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Trust Me, I’m An Expert: how to spot the work of a political spin doctor this election season

How to spot the work of a political spin doctor this election season The Conversation, CC BY77.6 MB (download)

It’s February, the holidays seem like a distant memory and here we are barrelling toward a federal election, which the government has indicated will be in May.

Remember in the olden days – as in, a few elections ago – we used to have a fairly set election campaign period of usually about six weeks? Now, of course, politicians seem to always be in campaign mode.

They’re not doing that all by themselves, of course. There’s a small army of spin doctors, social media strategists, political campaign advisers and press secretaries behind the scenes, finessing every utterance so it fits with the overall campaign strategy. And that’s what we are talking about on the podcast today – the art of political spin.

Read more: It's reputation that matters when spin doctors go back to the newsroom

We’ll hear from Caroline Fisher, political communication and journalism researcher from the University of Canberra. She began her career as a journalist with the ABC, but went on to work as a media adviser for Labor’s Anna Bligh, a former Queensland premier.

Today, she’s talking to Michelle Grattan, political journalist and Professorial Fellow at the University of Canberra about the tips and tricks spin doctors use to shape the political messages you’re hearing every day. And you can read Caroline Fisher’s article on the spin tactics over here.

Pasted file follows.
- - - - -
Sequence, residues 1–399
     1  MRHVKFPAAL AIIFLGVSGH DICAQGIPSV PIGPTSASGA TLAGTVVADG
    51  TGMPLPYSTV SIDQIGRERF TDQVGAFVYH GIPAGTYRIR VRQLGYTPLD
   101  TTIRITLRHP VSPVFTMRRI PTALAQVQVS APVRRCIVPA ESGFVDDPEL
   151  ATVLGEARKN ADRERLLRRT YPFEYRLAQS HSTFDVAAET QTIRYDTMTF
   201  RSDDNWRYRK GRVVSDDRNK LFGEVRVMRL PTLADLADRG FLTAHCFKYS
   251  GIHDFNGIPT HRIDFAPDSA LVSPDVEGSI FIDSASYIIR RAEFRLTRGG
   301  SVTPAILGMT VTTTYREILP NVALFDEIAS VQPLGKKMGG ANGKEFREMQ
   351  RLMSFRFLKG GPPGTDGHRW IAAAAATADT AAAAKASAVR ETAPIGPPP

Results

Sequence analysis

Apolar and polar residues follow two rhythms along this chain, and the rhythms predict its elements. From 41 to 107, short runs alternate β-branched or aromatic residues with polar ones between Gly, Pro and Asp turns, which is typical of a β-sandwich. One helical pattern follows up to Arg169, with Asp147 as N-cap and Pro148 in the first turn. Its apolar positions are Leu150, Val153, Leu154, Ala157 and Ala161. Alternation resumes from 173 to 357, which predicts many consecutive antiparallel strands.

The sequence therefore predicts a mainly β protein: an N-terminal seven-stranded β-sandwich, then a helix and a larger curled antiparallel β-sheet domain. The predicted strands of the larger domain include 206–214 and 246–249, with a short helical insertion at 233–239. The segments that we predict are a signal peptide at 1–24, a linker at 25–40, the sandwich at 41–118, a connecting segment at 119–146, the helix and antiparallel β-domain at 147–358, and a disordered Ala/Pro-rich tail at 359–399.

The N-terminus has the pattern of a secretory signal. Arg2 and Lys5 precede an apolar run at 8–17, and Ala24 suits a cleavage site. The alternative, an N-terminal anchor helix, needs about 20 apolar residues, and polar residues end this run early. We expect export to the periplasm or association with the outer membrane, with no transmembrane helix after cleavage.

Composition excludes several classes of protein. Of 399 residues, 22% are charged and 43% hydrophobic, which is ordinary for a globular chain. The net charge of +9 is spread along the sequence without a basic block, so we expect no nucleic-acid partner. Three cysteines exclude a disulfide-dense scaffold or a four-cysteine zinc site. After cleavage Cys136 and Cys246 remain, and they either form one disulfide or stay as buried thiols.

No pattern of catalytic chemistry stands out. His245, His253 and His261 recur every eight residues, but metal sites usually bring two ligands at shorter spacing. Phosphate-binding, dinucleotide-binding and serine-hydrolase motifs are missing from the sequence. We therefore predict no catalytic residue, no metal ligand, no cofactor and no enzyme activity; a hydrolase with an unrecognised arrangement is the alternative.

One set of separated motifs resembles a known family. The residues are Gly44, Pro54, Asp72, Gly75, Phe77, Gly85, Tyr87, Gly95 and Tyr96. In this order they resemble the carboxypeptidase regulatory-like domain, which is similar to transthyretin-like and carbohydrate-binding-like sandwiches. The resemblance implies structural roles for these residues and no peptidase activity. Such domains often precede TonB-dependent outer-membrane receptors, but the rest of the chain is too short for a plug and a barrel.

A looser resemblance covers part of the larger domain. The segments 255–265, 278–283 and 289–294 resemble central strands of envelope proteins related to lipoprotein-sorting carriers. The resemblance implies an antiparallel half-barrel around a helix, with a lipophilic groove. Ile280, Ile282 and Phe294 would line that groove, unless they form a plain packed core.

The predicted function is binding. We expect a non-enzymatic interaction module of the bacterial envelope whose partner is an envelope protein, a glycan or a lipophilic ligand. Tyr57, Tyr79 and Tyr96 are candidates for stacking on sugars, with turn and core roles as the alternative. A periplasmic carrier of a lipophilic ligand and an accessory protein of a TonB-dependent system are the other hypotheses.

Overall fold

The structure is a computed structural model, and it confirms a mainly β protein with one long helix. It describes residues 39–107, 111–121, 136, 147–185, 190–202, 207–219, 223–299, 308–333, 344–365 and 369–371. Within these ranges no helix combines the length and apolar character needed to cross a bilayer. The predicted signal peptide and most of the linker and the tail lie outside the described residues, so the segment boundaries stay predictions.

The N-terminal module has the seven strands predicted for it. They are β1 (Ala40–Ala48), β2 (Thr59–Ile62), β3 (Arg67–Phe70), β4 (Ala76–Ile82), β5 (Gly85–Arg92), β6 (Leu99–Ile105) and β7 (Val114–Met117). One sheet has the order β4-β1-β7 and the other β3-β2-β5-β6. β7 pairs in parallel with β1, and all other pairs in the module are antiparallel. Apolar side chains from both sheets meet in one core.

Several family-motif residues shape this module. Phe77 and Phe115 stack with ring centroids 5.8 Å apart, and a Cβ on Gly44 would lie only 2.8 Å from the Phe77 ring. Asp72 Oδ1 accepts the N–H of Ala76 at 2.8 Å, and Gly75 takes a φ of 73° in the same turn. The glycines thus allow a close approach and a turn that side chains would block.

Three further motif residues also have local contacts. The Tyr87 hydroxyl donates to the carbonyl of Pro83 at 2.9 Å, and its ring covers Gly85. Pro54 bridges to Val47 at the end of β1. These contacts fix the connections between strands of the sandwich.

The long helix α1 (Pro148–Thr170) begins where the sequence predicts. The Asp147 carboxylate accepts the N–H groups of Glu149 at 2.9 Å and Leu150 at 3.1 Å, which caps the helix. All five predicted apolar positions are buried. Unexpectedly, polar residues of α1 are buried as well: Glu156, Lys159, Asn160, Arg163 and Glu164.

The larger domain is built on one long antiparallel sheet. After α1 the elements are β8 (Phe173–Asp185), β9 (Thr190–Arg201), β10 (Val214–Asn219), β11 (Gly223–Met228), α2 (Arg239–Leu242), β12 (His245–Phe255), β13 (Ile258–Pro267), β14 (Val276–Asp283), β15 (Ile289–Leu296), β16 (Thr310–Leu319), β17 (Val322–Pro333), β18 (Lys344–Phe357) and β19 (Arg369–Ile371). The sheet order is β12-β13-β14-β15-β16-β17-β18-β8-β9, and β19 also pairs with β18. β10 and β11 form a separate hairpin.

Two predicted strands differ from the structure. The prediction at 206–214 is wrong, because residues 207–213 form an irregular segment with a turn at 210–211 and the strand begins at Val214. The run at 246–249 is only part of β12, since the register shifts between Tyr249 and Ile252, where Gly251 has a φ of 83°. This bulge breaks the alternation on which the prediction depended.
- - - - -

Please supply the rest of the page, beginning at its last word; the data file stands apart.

Read more: The vomit principle, the dead bat, the freeze: how political spin doctors' tactics aim to shape the news

All year round and especially during election season, you’re going to hear a lot of competing claims about the state of the economy. Has school funding been cut or is it at a record high? Do tax cuts make the economy better or worse? Why are the government and the opposition saying seemingly contradictory things about debt and deficits?

To find out, Lucinda Beaman – who was our FactCheck editor but has just moved to the ABC – spoke to Fabrizio Carmignagni, a professor of economics at the Griffith Business School, Griffith University.

He’s authored many FactCheck articles for The Conversation, where he tests statements by key public figures against the evidence and his special super power is pulling back the curtain to reveal why certain claims you hear about the economy don’t stand up to scrutiny.

Today, Professor Carmignani reveals why you should be suspicious when you hear a politician claim their government has created jobs, how to spot a bit of causation vs correlation spin doctoring, and other political porkies that make economists’ skin crawl.

Read more: FactCheck: have the Trump tax cuts led to lower unemployment and higher wages?

Trust Me, I’m An Expert is a podcast where we ask academics to surprise, delight and inform us with their research. You can download previous episodes here. And please, do check out other podcasts from The Conversation - you can find them all over here.

The segments in today’s podcast were recorded and edited by Sunanda Creagh, with additional recording and editing by Dilpreet Kaur and Eliza Berlage.

Read more: Pencils ready: it's time for Politics 2019 Bingo!

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Additional audio

Kindergarten by Unkle Ho, from Elefant Traks

Minister for Finance Mathias Cormann, RN Breakfast

Channel 9 news report.

Bill Shorten’s 2018 Budget reply speech.

Sky News report.

Today Show segment.

ABC news report.

Labor Facebook video.

Nick Xenophon SA Best ad.

The Greens ad.

Podington Bear, Pshaw, from Free Music Archive.

Bloomberg news report.


AAP Image/Mick Tsikas

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